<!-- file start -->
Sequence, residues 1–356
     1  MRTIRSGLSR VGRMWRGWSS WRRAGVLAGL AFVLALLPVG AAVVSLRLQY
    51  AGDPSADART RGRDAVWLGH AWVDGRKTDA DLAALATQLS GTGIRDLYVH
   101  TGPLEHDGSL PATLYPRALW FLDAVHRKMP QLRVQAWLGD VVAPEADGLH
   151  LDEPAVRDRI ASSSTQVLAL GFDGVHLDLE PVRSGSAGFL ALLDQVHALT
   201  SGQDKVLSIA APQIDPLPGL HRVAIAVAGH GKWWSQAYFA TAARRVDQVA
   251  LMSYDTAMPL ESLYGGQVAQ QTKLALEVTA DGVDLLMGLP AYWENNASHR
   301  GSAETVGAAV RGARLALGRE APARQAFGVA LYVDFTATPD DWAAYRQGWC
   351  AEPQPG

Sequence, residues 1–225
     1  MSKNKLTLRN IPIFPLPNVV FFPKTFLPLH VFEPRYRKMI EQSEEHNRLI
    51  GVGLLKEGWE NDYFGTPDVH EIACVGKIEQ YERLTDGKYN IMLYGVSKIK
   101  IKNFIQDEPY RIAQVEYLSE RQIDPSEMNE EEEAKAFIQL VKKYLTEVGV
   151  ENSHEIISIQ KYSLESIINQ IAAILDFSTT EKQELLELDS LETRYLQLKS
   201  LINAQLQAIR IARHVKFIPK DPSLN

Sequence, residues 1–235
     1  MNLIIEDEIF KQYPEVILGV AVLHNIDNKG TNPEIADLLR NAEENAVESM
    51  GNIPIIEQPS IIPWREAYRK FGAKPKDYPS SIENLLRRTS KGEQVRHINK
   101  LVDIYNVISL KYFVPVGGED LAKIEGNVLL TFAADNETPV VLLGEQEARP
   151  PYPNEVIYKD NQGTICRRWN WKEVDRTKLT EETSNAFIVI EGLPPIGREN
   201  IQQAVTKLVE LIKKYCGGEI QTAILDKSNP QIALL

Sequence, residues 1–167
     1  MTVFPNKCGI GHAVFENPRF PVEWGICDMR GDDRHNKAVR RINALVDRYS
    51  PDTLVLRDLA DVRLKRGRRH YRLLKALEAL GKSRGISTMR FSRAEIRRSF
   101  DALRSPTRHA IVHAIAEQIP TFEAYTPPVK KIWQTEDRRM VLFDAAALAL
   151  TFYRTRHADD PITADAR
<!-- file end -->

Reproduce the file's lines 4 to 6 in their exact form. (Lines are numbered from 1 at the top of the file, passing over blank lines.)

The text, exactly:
   101  TGPLEHDGSL PATLYPRALW FLDAVHRKMP QLRVQAWLGD VVAPEADGLH
   151  LDEPAVRDRI ASSSTQVLAL GFDGVHLDLE PVRSGSAGFL ALLDQVHALT
   201  SGQDKVLSIA APQIDPLPGL HRVAIAVAGH GKWWSQAYFA TAARRVDQVA